Review: ‘Broken Branches’, by M. Jonathan Lee

Family curses don’t exist. Sure, some families seem to suffer more pain than others, but a curse? An actual curse? I don’t think so.’

A family tragedy was the catalyst for Ian Perkins to return to the isolated cottage with his wife and young son. But now they are back, it seems yet more grief might befall the family.

There is still time to act, but that means Ian must face the uncomfortable truth about his past. And in doing so, he must uncover the truth behind the supposed family curse.

Published by: Hideaway Fall

Publication Date: 27th July 2017

ISBN: 978-0995492332

Price: £8.99

Format: Paperback


Available here


My Review

When I first started reading this book I thought it was about a man confronting his childhood after the tragedy of his brother’s suicide. As I read on I realised it is another tragedy that was tormenting Ian and Rachel Parkins.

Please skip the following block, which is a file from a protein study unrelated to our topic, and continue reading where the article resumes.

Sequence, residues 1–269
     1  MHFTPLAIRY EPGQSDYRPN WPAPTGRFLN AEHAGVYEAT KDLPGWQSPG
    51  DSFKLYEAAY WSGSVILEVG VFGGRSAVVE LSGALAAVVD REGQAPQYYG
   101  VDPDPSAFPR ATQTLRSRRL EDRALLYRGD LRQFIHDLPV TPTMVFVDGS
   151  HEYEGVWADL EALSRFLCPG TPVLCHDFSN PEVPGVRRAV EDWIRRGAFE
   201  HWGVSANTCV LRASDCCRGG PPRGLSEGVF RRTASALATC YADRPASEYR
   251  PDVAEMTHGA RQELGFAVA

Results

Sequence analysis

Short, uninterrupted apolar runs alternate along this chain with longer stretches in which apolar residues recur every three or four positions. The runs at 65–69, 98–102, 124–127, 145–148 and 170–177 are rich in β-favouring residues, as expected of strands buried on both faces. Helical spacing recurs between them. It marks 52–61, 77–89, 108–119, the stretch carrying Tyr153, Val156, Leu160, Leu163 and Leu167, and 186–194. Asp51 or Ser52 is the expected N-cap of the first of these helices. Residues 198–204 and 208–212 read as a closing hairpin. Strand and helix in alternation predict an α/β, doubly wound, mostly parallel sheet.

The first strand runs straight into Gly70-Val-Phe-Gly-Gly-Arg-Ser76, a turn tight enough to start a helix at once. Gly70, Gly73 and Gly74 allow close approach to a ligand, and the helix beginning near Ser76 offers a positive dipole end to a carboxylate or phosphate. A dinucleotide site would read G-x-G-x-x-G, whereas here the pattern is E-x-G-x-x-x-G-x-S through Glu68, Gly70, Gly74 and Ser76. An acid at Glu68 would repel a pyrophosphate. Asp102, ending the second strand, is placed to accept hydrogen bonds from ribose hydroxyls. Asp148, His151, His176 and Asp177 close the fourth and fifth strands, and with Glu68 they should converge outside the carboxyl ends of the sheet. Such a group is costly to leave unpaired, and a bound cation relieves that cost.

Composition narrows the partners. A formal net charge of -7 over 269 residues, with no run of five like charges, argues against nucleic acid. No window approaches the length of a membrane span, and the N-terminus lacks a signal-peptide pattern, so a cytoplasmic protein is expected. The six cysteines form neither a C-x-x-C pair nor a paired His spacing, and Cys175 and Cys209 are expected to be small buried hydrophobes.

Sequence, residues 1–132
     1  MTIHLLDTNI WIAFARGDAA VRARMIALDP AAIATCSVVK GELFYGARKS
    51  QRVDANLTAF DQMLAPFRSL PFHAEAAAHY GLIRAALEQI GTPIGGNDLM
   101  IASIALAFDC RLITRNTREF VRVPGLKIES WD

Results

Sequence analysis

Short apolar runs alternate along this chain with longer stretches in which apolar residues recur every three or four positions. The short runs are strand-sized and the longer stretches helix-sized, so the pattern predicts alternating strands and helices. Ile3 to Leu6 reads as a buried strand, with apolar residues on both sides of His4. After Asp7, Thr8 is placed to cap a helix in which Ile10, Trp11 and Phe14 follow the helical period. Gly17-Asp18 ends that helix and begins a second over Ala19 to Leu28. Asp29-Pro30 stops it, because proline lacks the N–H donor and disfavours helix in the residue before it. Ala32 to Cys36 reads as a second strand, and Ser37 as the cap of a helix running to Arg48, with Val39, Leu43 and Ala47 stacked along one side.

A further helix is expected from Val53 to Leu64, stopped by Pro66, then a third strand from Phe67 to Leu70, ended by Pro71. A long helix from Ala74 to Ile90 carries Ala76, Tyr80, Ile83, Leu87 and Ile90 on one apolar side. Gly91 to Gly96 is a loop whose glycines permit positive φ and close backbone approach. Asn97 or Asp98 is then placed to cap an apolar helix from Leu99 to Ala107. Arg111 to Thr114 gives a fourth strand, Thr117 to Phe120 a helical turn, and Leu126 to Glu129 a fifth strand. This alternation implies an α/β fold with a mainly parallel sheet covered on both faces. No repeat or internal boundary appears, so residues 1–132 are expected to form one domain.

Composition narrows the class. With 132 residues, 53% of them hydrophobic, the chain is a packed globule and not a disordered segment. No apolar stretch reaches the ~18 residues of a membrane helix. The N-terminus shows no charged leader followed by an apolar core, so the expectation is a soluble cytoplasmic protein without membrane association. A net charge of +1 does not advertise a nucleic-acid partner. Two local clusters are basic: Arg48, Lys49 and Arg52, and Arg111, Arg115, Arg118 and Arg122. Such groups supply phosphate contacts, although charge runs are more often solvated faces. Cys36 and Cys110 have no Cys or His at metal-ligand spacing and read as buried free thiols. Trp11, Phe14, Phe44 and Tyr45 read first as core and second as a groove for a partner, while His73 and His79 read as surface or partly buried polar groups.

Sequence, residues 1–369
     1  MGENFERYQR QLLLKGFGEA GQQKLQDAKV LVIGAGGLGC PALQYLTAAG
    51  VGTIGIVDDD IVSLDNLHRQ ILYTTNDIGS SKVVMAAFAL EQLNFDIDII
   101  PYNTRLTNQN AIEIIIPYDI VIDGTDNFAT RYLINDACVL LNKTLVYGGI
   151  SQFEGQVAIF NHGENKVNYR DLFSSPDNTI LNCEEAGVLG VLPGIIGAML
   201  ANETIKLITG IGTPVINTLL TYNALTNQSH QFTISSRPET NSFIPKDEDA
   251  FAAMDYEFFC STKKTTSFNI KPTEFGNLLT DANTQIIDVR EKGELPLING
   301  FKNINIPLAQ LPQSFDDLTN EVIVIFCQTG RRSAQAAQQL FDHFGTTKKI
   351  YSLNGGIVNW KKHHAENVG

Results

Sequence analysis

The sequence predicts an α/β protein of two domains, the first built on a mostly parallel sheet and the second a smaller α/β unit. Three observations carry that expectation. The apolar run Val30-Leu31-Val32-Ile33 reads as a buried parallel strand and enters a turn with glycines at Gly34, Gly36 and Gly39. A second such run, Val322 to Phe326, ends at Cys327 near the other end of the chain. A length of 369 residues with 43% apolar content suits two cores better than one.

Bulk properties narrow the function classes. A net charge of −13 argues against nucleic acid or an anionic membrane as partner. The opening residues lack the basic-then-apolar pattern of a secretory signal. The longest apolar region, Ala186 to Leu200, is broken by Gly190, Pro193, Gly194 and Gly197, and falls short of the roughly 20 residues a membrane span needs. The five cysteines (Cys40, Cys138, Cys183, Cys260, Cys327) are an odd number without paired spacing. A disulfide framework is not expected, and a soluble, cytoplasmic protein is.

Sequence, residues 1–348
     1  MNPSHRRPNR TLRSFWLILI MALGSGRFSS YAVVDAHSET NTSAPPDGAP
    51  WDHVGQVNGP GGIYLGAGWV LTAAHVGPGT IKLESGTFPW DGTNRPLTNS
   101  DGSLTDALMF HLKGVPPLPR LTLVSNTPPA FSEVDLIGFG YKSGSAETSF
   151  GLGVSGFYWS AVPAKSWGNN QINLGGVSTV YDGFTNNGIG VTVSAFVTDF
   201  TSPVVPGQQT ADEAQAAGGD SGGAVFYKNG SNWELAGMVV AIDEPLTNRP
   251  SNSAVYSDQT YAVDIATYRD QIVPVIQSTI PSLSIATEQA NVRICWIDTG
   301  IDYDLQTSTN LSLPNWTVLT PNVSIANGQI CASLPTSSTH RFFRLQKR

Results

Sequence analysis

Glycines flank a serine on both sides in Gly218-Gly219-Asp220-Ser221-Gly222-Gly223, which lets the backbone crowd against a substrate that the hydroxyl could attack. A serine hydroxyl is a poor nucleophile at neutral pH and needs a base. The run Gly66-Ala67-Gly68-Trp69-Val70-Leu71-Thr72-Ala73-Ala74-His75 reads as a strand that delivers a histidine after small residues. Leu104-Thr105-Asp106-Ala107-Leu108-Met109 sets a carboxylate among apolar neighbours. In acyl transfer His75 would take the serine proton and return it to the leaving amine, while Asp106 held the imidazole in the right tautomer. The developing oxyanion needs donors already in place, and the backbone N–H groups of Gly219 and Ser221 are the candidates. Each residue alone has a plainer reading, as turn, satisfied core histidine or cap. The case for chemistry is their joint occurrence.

It was hard to tell, was he delusional or haunted? What’s the difference? Is this a ghost story? I’d say it was, there’s a house that is a character by itself, unusual happenings, spirits – although whether ghosts or a figment of imagination is hard to tell at times. The sycamore is a character too, a malevolent resident that hangs over the characters and all through the story right from the beginning.

The book moves back and forwards through time, exploring Ian’s past and family, as he desperately tried to uncover his family history and the purported family curse caused by an ancestor who hung a dog from the sycamore tree that dominates the front of the house and caused his daughter’s death.

The book is creepy. I enjoyed it. The writing is engaging and easy to read. The book sweeps you along, pulling you into the story until all 300 pages fly past and the devastating ending. The characters are sympathetic and well-rounded; I especially enjoyed the chapters written from the point of view of young Ian, as he struggles to understand his family and what’s going on around him.

The descriptions of grief and depression were so accurate to my experience, it was quite distressing at times. Either M. Jonathan Lee has had depression or he’s listened to people who have lived with the black dog (the LISTENING part is important).

If you like a creepy, slightly unconventional ghost story, I recommend this book.



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